It’s tough to talk about “St. Vincent” without constantly talking about Bill Murray. Not only does he play the title role, everyone in the supporting cast and everything in the movie revolves around him. What makes “St. Vincent” truly good is that everything surrounding Murray/Vincent is truly good: from the supporting actors, especially McCarthy (who plays “straight man” to Murray) and Watts (who takes the throwaway stripper role and creates a caring, interesting character) to the film’s story that never gets contrived or strikes false notes.

Murray’s definitely going to get an Academy Award nomination for “St. Vincent.” In a role reminiscent of his first critically-acclaimed and award-garnering role in “Rushmore,” there’s even a portion of “St. Vincent” where Vincent’s character suffers a malady that allows Murray to show some real acting chops- the malady itself is pure Oscar bait. You’ll even stay through the end credits to watch Murray listen to his Sony Walkman, sing along to a Bob Dylan tune, and water the remnants of his dirtpatch backyard with a garden hose because Murray’s performance is just that good; you want to spend as much time with him as possible.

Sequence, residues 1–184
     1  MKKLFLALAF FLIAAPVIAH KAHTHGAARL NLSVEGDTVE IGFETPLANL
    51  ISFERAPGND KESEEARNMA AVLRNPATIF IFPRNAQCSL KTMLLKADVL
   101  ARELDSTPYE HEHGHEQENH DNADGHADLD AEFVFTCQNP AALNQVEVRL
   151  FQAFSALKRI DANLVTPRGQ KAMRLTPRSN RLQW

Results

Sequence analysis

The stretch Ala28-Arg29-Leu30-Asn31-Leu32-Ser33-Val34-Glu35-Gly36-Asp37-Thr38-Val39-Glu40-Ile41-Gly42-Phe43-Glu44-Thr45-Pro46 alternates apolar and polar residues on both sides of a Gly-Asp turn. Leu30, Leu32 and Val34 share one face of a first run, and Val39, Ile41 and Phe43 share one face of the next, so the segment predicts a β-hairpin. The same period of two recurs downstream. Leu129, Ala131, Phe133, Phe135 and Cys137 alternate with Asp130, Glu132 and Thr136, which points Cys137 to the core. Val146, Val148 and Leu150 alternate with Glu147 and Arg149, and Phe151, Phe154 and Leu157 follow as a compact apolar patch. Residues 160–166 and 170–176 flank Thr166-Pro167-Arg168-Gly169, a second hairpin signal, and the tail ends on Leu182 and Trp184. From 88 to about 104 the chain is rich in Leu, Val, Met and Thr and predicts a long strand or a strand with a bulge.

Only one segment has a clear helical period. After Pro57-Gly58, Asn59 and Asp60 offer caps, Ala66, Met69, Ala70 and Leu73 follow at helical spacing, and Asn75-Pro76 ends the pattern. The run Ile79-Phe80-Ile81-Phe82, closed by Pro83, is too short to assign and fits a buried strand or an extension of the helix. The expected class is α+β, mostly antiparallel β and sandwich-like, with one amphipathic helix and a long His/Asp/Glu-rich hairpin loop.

At Oscar time, I hope Murray gets to clutch the golden statuette just as Ted Knight clutched his lucky putter Billy Baroo in another of Murray’s standout movies “Caddyshack.” Only this time, Murray’s Oscar win will be the perfect real-life ending to the cinematic Cinderella story of this Cinderella boy.